How do you calculate FOB cost?
Calculating the FOB shipping cost is relatively straightforward and involves looking at several factors, such as the seller’s shipping costs, port fees, insurance costs, and any other charges associated with transporting the goods from one point to another. The main elements you need to calculate FOB pricing include:
- The cost of the goods
- Transportation costs for moving the goods from the seller’s warehouse to the buyer’s destination. This includes FOB charges, port fees, and any other additional costs associated with export/import regulations
- Insurance costs – this is an optional element but should be taken into account if there is a risk of goods being damaged in transit
- Additional FOB fees – VAT, customs duties and other applicable taxes may need to be calculated into the FOB cost as well.
Once all of these elements are taken into account, you can calculate the total FOB cost for a shipment. It is important to note that this cost can vary greatly depending on the shipping method and route chosen by the buyer. It is also important to keep track of exchange rate fluctuations that may affect the FOB cost. This could be particularly relevant when dealing with international shipments, as a change in currency value at any point during transit could have an effect on the overall cost.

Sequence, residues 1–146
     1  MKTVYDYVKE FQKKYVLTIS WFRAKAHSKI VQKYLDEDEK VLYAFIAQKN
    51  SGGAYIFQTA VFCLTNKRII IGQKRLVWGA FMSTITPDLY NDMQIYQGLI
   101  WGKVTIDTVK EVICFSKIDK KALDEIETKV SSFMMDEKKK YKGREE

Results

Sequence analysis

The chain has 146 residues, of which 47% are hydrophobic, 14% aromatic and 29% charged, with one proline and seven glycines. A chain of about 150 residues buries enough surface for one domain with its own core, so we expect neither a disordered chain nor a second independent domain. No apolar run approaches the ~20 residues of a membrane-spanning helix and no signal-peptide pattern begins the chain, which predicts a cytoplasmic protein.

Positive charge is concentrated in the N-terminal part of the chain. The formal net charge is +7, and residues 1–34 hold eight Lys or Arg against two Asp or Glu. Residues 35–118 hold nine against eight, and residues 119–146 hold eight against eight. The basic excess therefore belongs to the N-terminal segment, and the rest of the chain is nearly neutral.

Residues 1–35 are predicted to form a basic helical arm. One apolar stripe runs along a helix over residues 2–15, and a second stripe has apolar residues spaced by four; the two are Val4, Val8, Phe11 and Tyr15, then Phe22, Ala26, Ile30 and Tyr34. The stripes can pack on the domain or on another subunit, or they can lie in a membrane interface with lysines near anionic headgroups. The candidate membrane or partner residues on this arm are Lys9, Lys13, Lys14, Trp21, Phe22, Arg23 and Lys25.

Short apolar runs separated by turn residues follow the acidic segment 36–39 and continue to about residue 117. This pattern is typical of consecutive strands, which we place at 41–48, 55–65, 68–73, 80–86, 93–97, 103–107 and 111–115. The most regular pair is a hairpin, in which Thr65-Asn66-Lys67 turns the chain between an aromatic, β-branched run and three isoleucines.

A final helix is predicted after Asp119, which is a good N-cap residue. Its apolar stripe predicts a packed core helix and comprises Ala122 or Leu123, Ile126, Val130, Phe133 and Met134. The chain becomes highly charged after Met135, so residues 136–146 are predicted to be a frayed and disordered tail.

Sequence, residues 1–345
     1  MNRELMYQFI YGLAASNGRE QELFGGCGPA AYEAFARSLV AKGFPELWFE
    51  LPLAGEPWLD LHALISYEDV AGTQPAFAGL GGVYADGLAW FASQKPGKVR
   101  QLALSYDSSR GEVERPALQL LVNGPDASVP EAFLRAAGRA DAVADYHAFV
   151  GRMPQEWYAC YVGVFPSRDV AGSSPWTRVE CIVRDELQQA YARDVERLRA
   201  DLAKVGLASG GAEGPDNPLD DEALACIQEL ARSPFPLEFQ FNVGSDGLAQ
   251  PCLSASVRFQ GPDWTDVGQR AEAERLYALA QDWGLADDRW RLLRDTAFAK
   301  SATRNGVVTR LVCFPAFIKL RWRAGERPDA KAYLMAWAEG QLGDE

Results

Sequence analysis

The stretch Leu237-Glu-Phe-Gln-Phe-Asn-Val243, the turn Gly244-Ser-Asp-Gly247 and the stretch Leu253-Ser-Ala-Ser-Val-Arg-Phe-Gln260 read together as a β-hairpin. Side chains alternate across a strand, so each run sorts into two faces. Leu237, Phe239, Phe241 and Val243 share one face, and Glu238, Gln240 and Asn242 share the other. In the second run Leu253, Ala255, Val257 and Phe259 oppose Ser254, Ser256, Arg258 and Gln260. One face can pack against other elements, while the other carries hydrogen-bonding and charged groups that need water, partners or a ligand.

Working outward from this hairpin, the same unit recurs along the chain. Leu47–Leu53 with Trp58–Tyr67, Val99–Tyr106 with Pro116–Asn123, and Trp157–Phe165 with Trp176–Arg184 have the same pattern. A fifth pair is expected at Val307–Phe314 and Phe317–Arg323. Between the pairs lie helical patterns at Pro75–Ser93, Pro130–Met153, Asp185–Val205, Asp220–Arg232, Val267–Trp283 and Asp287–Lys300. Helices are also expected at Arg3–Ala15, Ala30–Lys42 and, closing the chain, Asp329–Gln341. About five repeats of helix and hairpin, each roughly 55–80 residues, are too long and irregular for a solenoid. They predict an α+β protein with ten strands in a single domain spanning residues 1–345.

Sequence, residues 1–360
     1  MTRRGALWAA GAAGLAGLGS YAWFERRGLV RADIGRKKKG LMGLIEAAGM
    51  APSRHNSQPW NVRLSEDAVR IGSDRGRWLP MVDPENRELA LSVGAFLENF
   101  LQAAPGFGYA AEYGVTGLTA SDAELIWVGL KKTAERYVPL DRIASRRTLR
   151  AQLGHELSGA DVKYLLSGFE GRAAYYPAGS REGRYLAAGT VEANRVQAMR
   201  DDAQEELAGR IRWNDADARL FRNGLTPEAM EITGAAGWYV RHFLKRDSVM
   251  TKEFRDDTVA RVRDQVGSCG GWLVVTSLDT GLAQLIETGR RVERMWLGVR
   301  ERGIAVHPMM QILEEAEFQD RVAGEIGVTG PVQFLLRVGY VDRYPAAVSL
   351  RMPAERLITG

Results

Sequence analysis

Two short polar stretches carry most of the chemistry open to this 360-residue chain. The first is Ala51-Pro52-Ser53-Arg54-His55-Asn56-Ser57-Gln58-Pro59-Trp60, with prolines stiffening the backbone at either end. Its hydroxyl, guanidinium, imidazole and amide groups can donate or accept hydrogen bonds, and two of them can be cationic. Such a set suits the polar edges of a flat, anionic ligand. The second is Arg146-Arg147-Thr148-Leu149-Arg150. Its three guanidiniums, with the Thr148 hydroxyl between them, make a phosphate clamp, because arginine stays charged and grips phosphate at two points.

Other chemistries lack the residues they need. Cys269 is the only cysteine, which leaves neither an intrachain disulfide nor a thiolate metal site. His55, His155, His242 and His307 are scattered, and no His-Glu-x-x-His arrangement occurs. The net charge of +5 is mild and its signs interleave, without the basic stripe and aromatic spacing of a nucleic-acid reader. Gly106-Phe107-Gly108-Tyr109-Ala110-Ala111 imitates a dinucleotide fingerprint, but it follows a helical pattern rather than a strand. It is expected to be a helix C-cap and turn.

Once you have calculated the price, you can use that amount as an FOB reference price in the future.
Who pays for FOB shipping?
The buyer is typically responsible for covering the cost of FOB shipping, meaning that the seller does not need to worry about additional costs associated with delivery. However, if there is a risk of goods being damaged in transit, it is important to factor this into the overall price and ensure that both parties are protected against any potential losses.
How does it affect the control of goods?
Now that you have a better understanding of FOB cost, let's take a closer look at its impact on the control of goods.